Scientists from the University of Amsterdam recently carried out a series of experiments to investigate how obstacles affect our thought processes. In one experiment, people were set anagram puzzles to solve, while, as an obstacle to concentration, a series of random numbers were read out. Compared with those in a control group who performed the same task without this distraction, these subjects displayed greater cognitive agility: they were more likely to take leaps of association and make unusual connections. The researchers also found that when people are forced to cope with unexpected obstacles they react by increasing their “perceptual scope” – taking a mental step back to see the bigger picture. When you find your journey to work blocked by a construction site, you have to map the city in your mind.
As a poet, Ted Hughes had an acute sensitivity to the way in which constraints on self-expression, like the disciplines of metre and rhyme, spur creative thought. What applies to poets and musicians also applies to our daily lives. We tend to equate happiness with freedom, but, as the psychotherapist and writer Adam Phillips has observed, without obstacles to our desires it’s harder to know what we want, or where we’re heading. He tells the story of a patient, a first-time mother who complained that her young son was always clinging to her, wrapping himself around her legs wherever she went. She never had a moment to herself, she said, because her son was “always in the way”. When Phillips asked her where she would go if he wasn’t in the way, she replied cheerfully, “Oh, I wouldn’t know where I was!”
Take another common obstacle: lack of money. People often assume that more money will make them happier. But economists who study the relationship between money and happiness have consistently found that, above a certain income, the two do not reliably correlate. Despite the ease with which the rich can acquire almost anything they desire, they are just as likely to be unhappy as the middle classes. In this regard at least, F. Scott Fitzgerald was wrong.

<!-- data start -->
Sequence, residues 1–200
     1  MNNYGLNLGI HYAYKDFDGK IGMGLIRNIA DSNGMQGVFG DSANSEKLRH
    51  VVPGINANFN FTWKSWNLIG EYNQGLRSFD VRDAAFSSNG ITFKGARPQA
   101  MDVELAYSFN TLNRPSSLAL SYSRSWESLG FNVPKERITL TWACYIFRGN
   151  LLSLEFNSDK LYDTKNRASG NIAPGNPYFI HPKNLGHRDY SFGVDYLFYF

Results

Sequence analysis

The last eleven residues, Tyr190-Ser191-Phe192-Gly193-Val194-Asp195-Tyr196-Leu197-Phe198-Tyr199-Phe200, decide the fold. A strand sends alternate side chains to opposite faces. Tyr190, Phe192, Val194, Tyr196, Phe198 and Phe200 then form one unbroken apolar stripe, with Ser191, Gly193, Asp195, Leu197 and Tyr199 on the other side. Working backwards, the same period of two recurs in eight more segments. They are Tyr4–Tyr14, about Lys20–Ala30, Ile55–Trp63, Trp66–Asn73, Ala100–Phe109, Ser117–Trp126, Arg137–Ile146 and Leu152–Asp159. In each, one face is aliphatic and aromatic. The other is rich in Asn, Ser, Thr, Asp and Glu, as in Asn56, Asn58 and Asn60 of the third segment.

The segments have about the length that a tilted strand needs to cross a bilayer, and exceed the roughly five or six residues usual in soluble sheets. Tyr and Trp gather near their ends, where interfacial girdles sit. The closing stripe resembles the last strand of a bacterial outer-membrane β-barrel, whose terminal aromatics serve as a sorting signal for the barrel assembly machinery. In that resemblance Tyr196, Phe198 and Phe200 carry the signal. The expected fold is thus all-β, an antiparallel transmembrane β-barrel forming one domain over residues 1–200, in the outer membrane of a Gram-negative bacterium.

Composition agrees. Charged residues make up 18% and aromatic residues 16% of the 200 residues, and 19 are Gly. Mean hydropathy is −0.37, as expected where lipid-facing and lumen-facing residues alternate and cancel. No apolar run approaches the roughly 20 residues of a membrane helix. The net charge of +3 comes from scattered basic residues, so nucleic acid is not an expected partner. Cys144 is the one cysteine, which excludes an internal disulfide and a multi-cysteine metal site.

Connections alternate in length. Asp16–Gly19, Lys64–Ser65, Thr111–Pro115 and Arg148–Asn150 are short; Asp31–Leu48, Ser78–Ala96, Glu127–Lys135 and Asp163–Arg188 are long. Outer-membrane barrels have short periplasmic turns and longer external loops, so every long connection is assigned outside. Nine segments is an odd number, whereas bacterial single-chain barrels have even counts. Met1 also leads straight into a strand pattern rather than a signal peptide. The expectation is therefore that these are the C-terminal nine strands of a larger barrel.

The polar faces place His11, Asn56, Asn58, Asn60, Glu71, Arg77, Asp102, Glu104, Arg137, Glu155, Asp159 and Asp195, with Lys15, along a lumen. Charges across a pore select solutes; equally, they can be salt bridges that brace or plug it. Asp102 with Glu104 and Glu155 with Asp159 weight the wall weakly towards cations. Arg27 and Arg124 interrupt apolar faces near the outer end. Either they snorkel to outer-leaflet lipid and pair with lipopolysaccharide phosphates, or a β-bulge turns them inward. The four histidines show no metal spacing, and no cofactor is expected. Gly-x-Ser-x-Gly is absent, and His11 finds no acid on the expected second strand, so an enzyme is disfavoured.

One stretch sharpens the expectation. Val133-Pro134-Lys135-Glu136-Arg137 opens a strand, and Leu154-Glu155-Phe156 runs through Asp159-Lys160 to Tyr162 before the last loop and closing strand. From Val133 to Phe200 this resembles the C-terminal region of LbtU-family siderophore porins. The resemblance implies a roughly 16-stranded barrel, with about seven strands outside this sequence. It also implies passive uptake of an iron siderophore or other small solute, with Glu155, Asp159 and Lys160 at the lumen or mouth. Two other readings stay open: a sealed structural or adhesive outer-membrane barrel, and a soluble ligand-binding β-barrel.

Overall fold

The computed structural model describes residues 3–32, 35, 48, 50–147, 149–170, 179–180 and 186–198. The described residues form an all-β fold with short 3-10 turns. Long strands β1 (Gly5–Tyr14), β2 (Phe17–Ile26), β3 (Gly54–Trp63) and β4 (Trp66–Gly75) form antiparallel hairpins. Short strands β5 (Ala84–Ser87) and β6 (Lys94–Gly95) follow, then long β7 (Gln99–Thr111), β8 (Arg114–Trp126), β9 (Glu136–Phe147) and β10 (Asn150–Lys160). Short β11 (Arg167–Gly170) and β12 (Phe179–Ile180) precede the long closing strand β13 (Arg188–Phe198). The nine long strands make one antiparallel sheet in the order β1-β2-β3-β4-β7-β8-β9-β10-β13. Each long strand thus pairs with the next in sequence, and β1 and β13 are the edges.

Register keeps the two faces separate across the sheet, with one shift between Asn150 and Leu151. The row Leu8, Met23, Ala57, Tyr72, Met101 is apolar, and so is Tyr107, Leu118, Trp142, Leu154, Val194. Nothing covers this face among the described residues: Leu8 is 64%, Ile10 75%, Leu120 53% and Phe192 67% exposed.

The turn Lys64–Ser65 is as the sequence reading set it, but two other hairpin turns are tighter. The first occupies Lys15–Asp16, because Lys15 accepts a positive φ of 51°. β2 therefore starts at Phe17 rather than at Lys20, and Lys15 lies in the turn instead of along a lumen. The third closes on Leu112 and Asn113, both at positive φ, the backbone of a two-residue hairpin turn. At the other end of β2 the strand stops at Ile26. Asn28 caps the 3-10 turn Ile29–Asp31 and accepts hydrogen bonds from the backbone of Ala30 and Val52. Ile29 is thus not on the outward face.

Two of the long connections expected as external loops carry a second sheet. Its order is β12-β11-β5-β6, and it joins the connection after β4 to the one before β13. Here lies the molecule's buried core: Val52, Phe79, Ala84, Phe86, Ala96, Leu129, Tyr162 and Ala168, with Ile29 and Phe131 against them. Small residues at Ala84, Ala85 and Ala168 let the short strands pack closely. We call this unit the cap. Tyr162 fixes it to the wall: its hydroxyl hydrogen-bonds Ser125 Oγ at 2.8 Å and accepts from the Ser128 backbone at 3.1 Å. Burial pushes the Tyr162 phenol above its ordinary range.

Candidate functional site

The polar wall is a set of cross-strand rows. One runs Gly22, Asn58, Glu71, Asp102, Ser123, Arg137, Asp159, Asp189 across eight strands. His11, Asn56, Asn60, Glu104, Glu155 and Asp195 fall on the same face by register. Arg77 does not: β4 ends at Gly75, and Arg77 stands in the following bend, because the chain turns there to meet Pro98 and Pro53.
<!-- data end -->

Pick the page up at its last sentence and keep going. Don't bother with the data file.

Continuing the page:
Indeed, ease of acquisition is the problem. The novelist Edward St Aubyn has a narrator remark of the very rich that, “without the editorial influence of the word ‘afford’, their desires rambled on like unstoppable bores, relentless and whimsical at the same time.” When Boston College, a private research university, wanted a better feel for its potential donors, it asked the psychologist Robert Kenny to investigate the mindset of the super-rich. He surveyed 165 households, most of which had a net worth of $25m or more. He found that many of his subjects were befuddled by the infinite options their money presented them with. They found it hard to know what to want, creating a kind of existential bafflement. One of them put it like this: “You know, Bob, you can just buy so much stuff, and when you get to the point where you can just buy so much stuff, now what are you going to do?”
The internet makes information billionaires out of all of us, and the architects of our online experiences are catching on to the need to make things creatively difficult. Twitter’s prodigious success is rooted in the simple but profound insight that in a medium with infinite space for self-expression, the most interesting thing we can do is restrict ourselves to 140 characters. The music service This Is My Jam helps people navigate the tens of millions of tracks now available instantly via Spotify and iTunes. Users pick their favourite song of the week to share with others. They only get to choose one. The service was only launched this year, but by the end of September 650,000 jams had been chosen. Its co-founder Matt Ogle explains its raison d’être like this: “In an age of endless choice, we were missing a way to say: ‘This. This is the one you should listen to’.”
Today’s world offers more opportunity than ever to follow the advice of the Walker Brothers and make it easy on ourselves. Compared with a hundred years ago, our lives are less tightly bound by social mores and physical constraints. Technology has cut out much of life’s drudgery, and we have more freedoms than ever: we can wear what we like, sleep with whom we want (if they’ll sleep with us), and communicate with hundreds of friends at once at the click of a mouse. Obstacles are everywhere disappearing. Few of us wish to turn the clock back, but perhaps we need to remind ourselves how useful the right obstacles can be. Sometimes, the best route to fulfilment is the path of more resistance.
Ian Leslieworks in advertising. He has written two books, “Born Liars” and “Curious”
ILLUSTRATION BRETT RYDER
Keywords: philosophy, Thinking